Holiday hoops events have a clear hierarchy

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By Mike Farner

    SHEPHERDSVILLE - What can you say about a tournament where you lose the first game of the event to the second ranked team in Kentucky to fall into the consolation bracket?
    Once you get there, you face two more teams ranked among the top five teams coming into the season by the state’s coaches.
    You just say ‘wow’ and walk away happy with a 2-2 record.
    That was exactly what Bullitt East head coach Troy Barr was saying when the Chargers completed play in the King of the Bluegrass Holiday Classic at Fairdale High School.
    “There were a lot of positives of playing here,” Barr said despite getting the first two losses of the season. “First and foremost, there is an incredible atmosphere here for the kids.
    “Next, you would be hard pressed to find a stronger 16-team tournament in the country,” the coach added. “This field was phenomenal. This is a lifetime memory for the kids they can tell their grandkids about when they are playing in it.”
    The high school holiday tournament scene has really divided into two distinct branches.
    First, there are the mega-events like the one at Fairdale where all the top teams tend to congregate and play each other. There is another of those events this week in Lexington. Teams go into those events with the idea of winning and gaining state-wide attention.
    Then there are the smaller, mid-level (or lower) events that make up the bulk of the holiday events. Many of the teams are out to win and organizers work to get teams that are basically on the same talent level.
    North Bullitt’s Sarah Major Barger Memorial Tournament is a perfect example. Eagle head coach Lee Barger had a competitive field. He wasn’t looking for a top-25 team. The teams get to play three or four games and can work to get better for the big district games and then the post-season that are on the horizon.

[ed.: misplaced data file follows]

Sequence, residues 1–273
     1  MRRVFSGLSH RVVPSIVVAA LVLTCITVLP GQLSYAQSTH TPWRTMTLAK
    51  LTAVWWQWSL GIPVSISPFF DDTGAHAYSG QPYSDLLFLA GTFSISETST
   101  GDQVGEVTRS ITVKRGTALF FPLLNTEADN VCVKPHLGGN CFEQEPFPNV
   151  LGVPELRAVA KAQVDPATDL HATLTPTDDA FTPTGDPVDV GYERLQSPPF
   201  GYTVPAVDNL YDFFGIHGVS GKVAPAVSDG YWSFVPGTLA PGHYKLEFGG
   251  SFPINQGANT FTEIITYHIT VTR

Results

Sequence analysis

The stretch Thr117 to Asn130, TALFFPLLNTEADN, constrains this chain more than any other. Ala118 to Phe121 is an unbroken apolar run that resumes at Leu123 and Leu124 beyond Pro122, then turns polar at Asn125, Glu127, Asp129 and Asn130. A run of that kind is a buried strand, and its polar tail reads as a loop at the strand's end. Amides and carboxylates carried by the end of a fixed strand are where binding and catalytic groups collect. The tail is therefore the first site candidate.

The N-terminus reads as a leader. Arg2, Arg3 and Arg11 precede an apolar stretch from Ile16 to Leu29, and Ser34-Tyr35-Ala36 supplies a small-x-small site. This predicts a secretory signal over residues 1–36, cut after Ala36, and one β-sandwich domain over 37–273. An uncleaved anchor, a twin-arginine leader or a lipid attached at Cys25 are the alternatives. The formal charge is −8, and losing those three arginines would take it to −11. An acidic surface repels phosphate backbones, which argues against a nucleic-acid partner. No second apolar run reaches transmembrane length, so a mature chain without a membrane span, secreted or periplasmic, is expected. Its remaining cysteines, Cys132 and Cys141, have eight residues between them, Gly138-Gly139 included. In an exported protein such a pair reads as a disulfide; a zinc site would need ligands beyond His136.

While Bullitt East will get a check for playing in the King of the Bluegrass, nobody is making money at most of the tourneys. As North Bullitt learned last week and as the girls’ events this week at North Bullitt and Bullitt Central will show, the only reason to host an event is that it is cheaper to stay home than to go on the road.
    Holiday tournaments draw relatively small crowds. Most people have other things on their mind at this time of year. Only the hard-core fans and parents sit through holiday basketball. The North Bullitt-Bullitt Central crowd for the championship game of the Barger event was maybe a tenth of what the crowd will be like when the two teams meet in the regularly scheduled clashes in the new year.
    Most of the teams in the smaller events bus back-and-forth on game day. The visitors pay for their own transportation and the host team pays for the officials.
    The home team might make a few dollars with a generous sponsor. Normally, sponsors just pay for the awards at the end of the event.
    There is sort of a third branch of holiday tournaments. That is the type that the Bullitt Central Lady Cougars played in when they traveled to Florida for three games at Walt Disney World before Christmas.
    While head coach Bryan Bates certainly wanted to win those games, that wasn’t the reason for the trip. Facing teams from anywhere in the country, you never know what level of competition you will be facing. Making the Florida trips is more a bonding adventure where coaches want their players to stay together in a relatively closed environment to become better teammates.
    Plus, those events take a great deal of fund-raising and organization.